cc licensed ( BY ) flickr photo shared by USDAgov
    For almost two years, I have been in central office and at some times, have found it quite challenging.  I am someone who likes to move around, hates sitting in one place for too long, and enjoys being around kids.  What I don’t like is meetings.  Never have, and never will.  Honestly, I understand the point of having a meeting but not for longer than 45 minutes, with the maximum being an hour.  They are just not my thing.  With that being said, there is a necessity to meetings to ensure that as a “central office” we are removing as many barriers from our staff as possible, although the opposite does tend to happen in some places.
    I always try to focus from the view of a teacher.  Creating a 50 page social media guidelines for your staff is a little much and the likelihood of people even reading it let alone understanding it, is very low.  That is why I took one version of this document and adapted it into three pages. I, as a teacher, would probably read that, especially if I used social media.
    So in a conversation with a close friend who has a similar position to myself yet is new to the job, told me that she is tending to “wander”.  I felt the exact same thing when I started.  I would be sitting in my office, get up, and start to walk around yet had no idea where I was walking to.  I had done the same practice when I was a school principal and would go sit with students, but there were no students in my building.  It was quite the adjustment.  I felt lost and honestly, could get bored easily.  It was not like I did not have work to do, but I was just finding that sitting in an office was a little much.
    I needed a change.
    What I have decided to implement in the last few months in my position is basically establishing “office hours”, similar to a practice that I know many professors use.  The problem is with a school district that spans over 100 kms, it didn’t make sense for a teacher to come to my office for help, so I decided to go to them.  With that in mind, I would contact a principal from a school and tell them that I was simply going to do my “office work” at their school and I just needed a space to work.  Knowing that I would be in the building, I encouraged the principal to let all teachers know that I would be there and that they were more than willing to come and see me with any questions about the initiatives that they had, or anything else that they thought they would need help with.  The door was not only open, but the door also moved a lot closer.
    As I have gone through this process, I have had a variance of experiences.  Sometimes no teachers will visit, so I will just spend time in their classrooms.  Not in the “walkthrough” fashion, but I would just sit down and spend time in the classroom.  Of course I would be trying to learn from the way they taught, but I would also still have to do some of the office work that comes with the position.  The difference in our world now is  that I obviously can do that work from anywhere in the world.  There is no better place to do it than in a classroom.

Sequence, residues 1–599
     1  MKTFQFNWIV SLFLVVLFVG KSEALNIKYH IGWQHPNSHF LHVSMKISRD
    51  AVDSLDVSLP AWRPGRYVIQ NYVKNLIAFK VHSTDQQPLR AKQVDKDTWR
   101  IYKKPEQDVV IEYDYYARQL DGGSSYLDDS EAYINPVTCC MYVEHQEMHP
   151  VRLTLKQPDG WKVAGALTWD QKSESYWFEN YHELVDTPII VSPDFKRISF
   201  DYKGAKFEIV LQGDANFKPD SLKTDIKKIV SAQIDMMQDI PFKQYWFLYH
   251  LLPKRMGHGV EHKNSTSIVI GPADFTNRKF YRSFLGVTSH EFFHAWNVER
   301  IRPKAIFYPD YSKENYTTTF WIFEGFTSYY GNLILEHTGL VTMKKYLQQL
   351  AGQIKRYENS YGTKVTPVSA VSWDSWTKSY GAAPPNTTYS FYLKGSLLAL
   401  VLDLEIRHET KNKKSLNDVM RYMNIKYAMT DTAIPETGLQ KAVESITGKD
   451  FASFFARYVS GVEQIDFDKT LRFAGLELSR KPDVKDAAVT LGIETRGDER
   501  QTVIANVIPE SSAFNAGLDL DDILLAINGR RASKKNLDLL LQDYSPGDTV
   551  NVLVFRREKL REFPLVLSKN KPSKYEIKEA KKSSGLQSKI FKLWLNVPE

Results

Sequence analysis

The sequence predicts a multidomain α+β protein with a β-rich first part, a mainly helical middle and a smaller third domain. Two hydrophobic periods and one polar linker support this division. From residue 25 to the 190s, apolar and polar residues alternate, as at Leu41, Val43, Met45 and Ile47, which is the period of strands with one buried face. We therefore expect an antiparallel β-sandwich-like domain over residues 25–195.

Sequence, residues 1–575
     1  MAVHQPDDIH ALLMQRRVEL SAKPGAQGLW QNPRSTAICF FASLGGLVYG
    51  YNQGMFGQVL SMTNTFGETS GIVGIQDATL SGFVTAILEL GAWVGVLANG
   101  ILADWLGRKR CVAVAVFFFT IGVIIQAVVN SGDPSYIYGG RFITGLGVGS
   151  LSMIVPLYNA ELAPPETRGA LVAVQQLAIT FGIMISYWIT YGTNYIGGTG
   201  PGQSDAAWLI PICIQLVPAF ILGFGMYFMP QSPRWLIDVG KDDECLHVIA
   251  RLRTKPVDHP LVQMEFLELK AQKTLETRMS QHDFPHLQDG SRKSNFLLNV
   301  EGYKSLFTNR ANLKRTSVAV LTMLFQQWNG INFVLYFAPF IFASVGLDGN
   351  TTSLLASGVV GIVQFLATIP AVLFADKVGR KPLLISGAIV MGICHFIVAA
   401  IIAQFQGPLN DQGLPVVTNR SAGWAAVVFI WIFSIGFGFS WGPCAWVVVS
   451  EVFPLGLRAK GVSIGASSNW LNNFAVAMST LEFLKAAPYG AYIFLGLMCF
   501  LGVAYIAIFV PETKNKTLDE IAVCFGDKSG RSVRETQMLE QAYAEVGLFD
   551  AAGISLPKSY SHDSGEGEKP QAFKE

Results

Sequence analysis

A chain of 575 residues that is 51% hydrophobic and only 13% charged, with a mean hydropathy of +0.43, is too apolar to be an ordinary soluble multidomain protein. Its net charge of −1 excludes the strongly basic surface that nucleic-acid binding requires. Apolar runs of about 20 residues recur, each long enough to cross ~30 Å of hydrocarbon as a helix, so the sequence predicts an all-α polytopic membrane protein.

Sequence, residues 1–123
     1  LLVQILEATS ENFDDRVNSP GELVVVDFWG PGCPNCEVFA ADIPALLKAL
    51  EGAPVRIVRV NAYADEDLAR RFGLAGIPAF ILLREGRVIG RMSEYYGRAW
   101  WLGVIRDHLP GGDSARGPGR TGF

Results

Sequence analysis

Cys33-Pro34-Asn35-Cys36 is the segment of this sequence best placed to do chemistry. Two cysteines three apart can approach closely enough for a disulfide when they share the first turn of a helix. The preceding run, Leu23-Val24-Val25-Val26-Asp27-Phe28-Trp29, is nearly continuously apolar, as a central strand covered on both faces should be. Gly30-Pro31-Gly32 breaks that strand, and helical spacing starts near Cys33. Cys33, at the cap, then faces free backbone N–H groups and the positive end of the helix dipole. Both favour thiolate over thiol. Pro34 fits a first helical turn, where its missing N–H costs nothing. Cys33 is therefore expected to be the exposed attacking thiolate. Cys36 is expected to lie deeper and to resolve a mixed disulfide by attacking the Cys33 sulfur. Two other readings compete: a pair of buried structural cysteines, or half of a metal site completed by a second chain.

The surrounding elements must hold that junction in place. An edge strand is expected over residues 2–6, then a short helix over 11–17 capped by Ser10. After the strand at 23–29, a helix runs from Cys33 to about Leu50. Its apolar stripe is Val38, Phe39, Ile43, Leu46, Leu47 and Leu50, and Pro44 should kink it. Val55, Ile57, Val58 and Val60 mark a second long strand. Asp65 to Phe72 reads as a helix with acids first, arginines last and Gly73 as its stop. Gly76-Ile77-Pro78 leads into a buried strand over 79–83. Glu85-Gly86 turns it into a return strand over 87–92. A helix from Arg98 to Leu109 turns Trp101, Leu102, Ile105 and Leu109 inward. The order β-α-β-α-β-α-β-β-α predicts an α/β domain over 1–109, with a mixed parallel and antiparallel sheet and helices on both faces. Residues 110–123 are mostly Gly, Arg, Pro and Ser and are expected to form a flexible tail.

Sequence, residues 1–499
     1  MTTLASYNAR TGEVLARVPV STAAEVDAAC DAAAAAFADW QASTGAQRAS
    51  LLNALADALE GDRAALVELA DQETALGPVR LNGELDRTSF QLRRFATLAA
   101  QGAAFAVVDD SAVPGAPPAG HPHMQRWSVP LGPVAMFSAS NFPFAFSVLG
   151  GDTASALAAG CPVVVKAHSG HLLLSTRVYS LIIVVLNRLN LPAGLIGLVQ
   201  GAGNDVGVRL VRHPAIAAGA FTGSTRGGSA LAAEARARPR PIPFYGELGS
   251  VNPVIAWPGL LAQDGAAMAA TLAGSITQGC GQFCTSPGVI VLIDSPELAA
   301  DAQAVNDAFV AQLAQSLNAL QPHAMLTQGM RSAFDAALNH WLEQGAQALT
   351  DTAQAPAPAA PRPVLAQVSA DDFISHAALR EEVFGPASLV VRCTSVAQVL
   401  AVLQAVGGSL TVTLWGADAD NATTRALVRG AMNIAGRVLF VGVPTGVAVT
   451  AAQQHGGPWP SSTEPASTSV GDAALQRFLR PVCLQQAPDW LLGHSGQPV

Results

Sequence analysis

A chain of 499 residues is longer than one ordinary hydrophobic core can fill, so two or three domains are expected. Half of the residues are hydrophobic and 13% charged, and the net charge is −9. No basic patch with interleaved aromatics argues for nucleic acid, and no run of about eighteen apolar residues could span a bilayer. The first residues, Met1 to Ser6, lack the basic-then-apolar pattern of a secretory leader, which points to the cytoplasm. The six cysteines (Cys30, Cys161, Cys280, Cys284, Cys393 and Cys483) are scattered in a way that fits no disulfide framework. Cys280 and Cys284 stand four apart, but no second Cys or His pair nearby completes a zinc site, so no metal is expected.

In this past week though, I spent an afternoon at a school and the principal had me booked solid with individual teachers that could basically ask me whatever they wanted.  Some of them asked about Twitter, some had questions to make their practices easier and more streamlined, one had a question about putting a yearbook together, and finally, another teacher asked me about portfolios for kindergarten students.  Through these “on the spot” interactions, I was able to either help them or lead them in a direction where they could find more support.  The cool thing about this though was that they weren’t only learning from me, but I learned a great deal from the conversations that I had with them that were totally impromptu.  Because of the conversations that I had with the other teachers, when I was asked about early year digital portfolios, I finally came up with a solution which I have been struggling with for literally years.  If I did not spend the day there, I would have still been struggling, but now I am doing a workshop on this with our early year teachers in April.  I was so excited and grateful for these conversations as they were a great learning opportunity for myself, not only the teachers that had the questions.
    So when I look back at the things that I struggled with in my role (not moving around and missing kids), I feel now that I have figured it out.  I have set up “office hours” with other schools and will continue to do them as long as I am in our central office.  I don’t want to have that awkward “walk through” anymore in our classrooms.  I would rather sit and get to know staff and the kids much better and really, I don’t need to be in my office the same amount of time that it was needed years ago.  I feel like I am finally finding what works for me in this position and I am hoping it works for the schools as well.  I haven’t been able to do this in all of our schools (we have 22 sites) but that is the plan.
    This might just work.


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